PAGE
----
An education-based look at the June 12 election

Torontonians are again going to the polls. Over the next six months we will see elections in all three levels of government; municipal, provincial and federal. The frenzy of campaigning, glad-handing, promises and polling will lead to voter fatigue, but we must remember that voting is an important part of our democracy. We need to remain diligent and educate ourselves about the positions and platforms of all the parties at all levels of government. Because the provincial election is just around the corner on June 12, 2014, this column looks at the platforms of the major provincial parties, and their views on education.

The incumbent party, the Liberals under the direction of former Premier Dalton McGuinty instituted much needed full day kindergarten education. When McGuinty resigned in 2012 over spending scandals, a former education minister Kathleen Wynne took over as premier and although she inherited problems with the Ontario Elementary Teachers Federation she restored their right to strike in Bill 122: The School Boards Collective Bargaining Act. This bill recognized the right of teachers and unions to collective bargaining but at the same time tied the hands of school boards across the province. The bill made the provincial government the ultimate arbiter of school budgets and allowed the province to audit school boards when deemed necessary, taking away some of the financial autonomy of school boards. 

Andrea Horwath the leader of the New Democrats Party (NDP) who brought down Wynne’s government on May 2, 2014, argues that it is time for “change that puts people first.” On their website, the NDP want to “ban course fees in high schools, reduce school reliance on parent fees and fundraising”, “freeze tuition fees for college, undergraduate, and graduate students,” and “eliminate interest on the provincial portion of student loans.”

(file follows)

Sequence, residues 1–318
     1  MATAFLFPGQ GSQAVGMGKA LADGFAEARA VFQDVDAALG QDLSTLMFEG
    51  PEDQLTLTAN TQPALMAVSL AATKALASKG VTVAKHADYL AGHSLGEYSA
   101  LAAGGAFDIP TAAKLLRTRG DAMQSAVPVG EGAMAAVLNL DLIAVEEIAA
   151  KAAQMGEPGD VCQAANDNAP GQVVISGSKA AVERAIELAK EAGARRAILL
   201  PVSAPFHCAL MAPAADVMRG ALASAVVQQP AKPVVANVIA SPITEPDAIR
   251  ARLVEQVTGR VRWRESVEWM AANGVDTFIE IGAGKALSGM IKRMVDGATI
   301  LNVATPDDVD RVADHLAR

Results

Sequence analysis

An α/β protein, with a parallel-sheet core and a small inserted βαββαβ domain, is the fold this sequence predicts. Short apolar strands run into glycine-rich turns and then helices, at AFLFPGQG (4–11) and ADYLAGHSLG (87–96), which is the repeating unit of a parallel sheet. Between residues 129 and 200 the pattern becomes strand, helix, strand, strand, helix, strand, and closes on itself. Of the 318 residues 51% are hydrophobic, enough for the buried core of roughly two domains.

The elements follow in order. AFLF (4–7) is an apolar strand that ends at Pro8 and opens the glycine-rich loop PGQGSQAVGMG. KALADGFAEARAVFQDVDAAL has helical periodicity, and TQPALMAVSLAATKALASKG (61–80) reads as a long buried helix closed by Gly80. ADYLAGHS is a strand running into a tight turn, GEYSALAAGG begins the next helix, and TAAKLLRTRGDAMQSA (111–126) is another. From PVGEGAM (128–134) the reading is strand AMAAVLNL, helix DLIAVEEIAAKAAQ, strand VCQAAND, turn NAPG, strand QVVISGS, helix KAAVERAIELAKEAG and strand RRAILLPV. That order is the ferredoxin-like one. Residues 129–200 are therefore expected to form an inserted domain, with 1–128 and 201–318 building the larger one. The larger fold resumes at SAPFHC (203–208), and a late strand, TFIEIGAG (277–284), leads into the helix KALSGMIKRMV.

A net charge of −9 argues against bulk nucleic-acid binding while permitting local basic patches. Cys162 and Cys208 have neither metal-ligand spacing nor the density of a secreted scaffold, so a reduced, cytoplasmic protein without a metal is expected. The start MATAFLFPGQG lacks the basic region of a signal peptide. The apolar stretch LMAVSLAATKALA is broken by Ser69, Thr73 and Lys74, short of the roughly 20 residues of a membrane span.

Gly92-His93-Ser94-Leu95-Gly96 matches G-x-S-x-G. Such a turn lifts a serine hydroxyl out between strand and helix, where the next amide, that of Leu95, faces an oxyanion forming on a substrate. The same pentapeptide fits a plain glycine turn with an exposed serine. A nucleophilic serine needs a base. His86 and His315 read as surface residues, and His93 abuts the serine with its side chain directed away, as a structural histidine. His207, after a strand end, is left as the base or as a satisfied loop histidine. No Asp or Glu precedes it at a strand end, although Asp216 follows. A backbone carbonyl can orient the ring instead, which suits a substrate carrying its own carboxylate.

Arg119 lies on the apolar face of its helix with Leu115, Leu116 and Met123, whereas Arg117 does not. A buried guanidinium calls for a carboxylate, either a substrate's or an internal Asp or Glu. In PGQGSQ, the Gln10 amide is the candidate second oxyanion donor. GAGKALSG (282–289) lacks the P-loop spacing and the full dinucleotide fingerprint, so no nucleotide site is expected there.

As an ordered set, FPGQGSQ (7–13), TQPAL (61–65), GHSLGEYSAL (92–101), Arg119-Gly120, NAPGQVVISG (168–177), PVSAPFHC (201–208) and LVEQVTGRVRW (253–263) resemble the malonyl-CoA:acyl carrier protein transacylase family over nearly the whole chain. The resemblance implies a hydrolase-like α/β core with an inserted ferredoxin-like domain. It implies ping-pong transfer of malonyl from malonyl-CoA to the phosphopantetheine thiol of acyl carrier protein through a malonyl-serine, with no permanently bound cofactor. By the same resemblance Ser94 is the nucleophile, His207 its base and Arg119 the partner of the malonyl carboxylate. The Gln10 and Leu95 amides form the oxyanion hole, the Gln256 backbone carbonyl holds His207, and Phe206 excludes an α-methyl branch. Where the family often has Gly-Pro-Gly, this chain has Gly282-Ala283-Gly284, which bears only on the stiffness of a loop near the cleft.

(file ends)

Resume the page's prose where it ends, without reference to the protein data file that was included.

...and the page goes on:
The NDP argue that while course fees are not allowed under the Education Act the Liberals have never enforced this policy, creating a “two-tiered education system” between schools with resources and schools without. They want to rectify this problem with an infusion of $ 20 million that will help offset the loss of these fees and fundraising efforts. This promised funding stream would be distributed and allocated by local parent councils to ensure equality in education across the province.

Tim Hudak, the leader of the Progressive Conservatives (PC) focuses his Million Jobs Plan on “balancing the budget…to ensure we get private sector job creation in our province.” Not surprisingly, a focus on balancing the budget means cuts for public services. These cuts include education. Under Hudak’s plan classroom sizes will increase by 2-3 students, kindergarten classes would have 20 students for every teacher, instead of the 26 students with two teachers and he would cancel raises for early childhood educators, personal support workers and elementary teachers in public schools. At the same time he plans to cut 9,700 non-teaching support positions from schools. Hadak wants to focus on “high-quality education,” stressing “science, technology, engineering and business and math,” and teaching to test scores.  

Mike Schriener, the leader of the Green Party of Ontario wants to “improve your children’s education by merging the public and separate school boards.” This platform which is not addressed by any of the other parties would see an end to duplication of services in the separate boards. The Green Party argues that this has been accomplished in other provinces and that $ 1.2 to $ 1.6 billion is “wasted every year in duplicate services and unnecessary busing.” According to their website merging the English, French and Catholic school boards would give Ontario “one public school system with French and English school boards.” 

The Toronto District School Board (TDSB) needs immediate support from our provincial government.  202 of TDSB schools are in urgent need of repair.  Our young people deserve better and we should be more concerned than we have been in ensuring their safety.  Visit www.saveontarioschools.ca to learn more and sign the petition.

With the exception of the PC Party, I can see some good in most of the parties’ platforms.   In the end, educating ourselves about the parties, candidates and their policies is the only way to ensure our votes are used properly. Use your vote to decide which party supports our schools and communities. After all healthy schools mean healthy communities.